The End of the Cold War
The Lessons of 1989 by Hitchens
20 Years of Collapse by Slavoj Zizek
Post-Wall by Slavoj Zizek
Velvet Revolution: The Prospects by Timothy Garton Ash
Hitchens mentions something I found surprising the first time I heard about it.
Even more appalling was the 12-fold increase in the GDR's [German Democratic Republic] national debt--a situation so grotesque that it had been classified as a state secret lest loans from Western creditors dry up. "Just to avoid further indebtedness," wrote Schürer, "would mean a lowering next year of living standards by 25 to 30 per cent, and make the GDR ungovernable."Why would people loan to and borrow from their mortal enemies?
Timothy Garton Ash:
Twenty years later, in the summer of 2009, the Islamic Republic of Iran staged a show trial of political leaders and thinkers it accused of fomenting enghelab -e makhmali--that is, precisely, velvet revolution. Across the intervening years, dramatic events in places including Estonia, Latvia, Lithuania, South Africa, Chile, Slovakia, Croatia, Serbia, Georgia, Ukraine, Belarus, Kyrgyzstan, Lebanon, and Burma were tagged with variants of adjective + revolution. Thus we have read about singing (Baltic states), peaceful, negotiated (South Africa, Chile), rose (Georgia), orange (Ukraine), color (widely used, post-orange), cedar (Lebanon), tulip (Kyrgyzstan), electoral (generic), saffron (Burma), and most recently, in Iran, green revolution. Often, as in the original Czechoslovak case, the catchy labeling has been popularized through the interplay of foreign journalists and political activists in the countries concerned.And yet the "antiwar" left finds this all uninteresting.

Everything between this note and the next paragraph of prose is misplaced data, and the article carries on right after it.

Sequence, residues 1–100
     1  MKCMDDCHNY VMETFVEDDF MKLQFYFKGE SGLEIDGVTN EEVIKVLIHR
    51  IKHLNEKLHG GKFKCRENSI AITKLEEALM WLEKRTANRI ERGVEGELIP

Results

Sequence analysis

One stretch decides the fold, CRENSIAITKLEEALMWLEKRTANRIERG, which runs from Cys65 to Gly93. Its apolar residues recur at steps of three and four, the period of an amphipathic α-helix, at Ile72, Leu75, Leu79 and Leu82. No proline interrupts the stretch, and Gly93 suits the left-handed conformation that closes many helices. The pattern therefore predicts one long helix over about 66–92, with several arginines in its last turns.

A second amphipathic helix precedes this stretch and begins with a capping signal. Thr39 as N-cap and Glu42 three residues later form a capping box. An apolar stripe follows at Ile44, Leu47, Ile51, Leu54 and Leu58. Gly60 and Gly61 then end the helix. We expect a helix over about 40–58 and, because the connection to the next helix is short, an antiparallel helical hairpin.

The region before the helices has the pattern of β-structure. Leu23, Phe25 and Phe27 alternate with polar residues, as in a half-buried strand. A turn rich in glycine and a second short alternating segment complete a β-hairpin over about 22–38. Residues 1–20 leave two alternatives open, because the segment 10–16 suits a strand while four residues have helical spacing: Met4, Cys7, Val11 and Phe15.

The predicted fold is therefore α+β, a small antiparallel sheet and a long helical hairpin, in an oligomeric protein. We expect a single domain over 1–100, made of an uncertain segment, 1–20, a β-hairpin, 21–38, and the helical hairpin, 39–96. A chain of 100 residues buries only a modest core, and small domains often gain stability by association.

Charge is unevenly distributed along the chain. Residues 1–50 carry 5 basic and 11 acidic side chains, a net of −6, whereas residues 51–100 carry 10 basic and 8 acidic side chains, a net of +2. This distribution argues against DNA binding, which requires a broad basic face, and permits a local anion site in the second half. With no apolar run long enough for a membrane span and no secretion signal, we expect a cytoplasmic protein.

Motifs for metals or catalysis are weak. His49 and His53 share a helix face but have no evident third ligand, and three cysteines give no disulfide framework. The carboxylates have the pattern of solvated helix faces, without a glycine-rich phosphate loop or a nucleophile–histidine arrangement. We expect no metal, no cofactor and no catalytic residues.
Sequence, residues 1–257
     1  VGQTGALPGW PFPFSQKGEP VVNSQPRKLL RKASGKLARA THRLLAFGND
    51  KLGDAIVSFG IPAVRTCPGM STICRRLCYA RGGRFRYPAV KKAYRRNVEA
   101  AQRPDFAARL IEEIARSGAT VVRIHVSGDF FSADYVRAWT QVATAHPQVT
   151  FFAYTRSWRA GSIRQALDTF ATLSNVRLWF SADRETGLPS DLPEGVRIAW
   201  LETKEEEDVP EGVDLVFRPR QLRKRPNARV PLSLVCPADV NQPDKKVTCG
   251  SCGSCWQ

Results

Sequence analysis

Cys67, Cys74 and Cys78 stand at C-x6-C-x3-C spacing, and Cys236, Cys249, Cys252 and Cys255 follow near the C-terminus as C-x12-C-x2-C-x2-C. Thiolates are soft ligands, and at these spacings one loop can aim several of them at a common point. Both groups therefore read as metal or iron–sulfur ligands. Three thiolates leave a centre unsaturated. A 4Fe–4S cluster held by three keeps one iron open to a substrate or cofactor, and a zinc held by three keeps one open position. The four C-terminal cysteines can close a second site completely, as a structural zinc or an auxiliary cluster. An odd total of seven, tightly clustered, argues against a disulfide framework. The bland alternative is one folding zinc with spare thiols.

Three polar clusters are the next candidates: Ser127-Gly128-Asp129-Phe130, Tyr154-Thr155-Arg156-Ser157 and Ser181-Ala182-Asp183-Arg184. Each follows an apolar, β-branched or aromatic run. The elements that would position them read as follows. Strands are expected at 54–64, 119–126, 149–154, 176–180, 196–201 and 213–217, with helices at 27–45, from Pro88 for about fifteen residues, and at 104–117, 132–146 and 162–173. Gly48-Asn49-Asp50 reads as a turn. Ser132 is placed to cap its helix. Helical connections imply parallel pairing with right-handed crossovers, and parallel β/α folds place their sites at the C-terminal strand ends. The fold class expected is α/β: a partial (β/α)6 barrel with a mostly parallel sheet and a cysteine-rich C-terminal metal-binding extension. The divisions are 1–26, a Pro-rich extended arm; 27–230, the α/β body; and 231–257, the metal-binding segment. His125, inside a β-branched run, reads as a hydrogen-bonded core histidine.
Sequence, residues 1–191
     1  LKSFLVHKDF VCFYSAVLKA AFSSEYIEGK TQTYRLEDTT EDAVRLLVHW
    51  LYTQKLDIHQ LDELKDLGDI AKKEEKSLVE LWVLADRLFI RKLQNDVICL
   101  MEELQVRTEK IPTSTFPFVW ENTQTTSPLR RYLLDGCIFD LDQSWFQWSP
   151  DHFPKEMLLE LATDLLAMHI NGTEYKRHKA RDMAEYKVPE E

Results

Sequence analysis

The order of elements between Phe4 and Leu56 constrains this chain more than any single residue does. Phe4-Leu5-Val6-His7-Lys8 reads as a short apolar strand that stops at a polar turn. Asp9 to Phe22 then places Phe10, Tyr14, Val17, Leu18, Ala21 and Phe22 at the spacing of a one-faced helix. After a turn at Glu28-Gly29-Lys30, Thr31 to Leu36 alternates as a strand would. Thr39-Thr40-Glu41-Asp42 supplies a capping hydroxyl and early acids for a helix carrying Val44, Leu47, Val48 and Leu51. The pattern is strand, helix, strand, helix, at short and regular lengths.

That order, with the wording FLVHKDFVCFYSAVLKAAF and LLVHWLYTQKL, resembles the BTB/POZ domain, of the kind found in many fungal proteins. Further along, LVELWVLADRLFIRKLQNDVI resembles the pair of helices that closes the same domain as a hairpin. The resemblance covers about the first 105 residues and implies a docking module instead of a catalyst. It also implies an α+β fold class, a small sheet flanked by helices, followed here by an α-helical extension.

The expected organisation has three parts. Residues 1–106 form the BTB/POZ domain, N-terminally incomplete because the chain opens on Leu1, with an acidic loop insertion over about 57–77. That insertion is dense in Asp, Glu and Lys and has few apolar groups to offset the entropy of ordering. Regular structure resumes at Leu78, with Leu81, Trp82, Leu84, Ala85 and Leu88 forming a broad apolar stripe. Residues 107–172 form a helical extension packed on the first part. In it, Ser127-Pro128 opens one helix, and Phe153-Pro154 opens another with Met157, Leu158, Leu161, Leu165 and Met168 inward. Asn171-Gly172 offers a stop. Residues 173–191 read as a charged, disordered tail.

Masterpiece Theater's Endgame.
Life After the End of History by Ross Douthat
It takes a certain amount of moral nihilism to write something like this:
On the left, there’s an enduring fascination with the pseudo-Marxist vision of global capitalism as an enormous Ponzi scheme, destined to be undone by peak oil, climate change, or the next financial bubble.Nothing's destined but he seems weirdly oblivious of what happened last year.
Ezra Klein had a nice catch here:
Ross Douthat, for instance, says it will be "offensive when Obama takes the stage in Oslo this November instead of Morgan Tsvangirai, Zimbabwe’s heroic opposition leader." By that same logic, it seems a bit offensive for Douthat to spend his column arguing that Obama should give back the Nobel rather than devoting his column to the struggles of Tsvangirai, who has never before been mentioned in one of Douthat's op-eds.Douthat would rather take up precious column space bashing liberals rather than write about Tsvangirai or, say, Aung San Suu Kyi.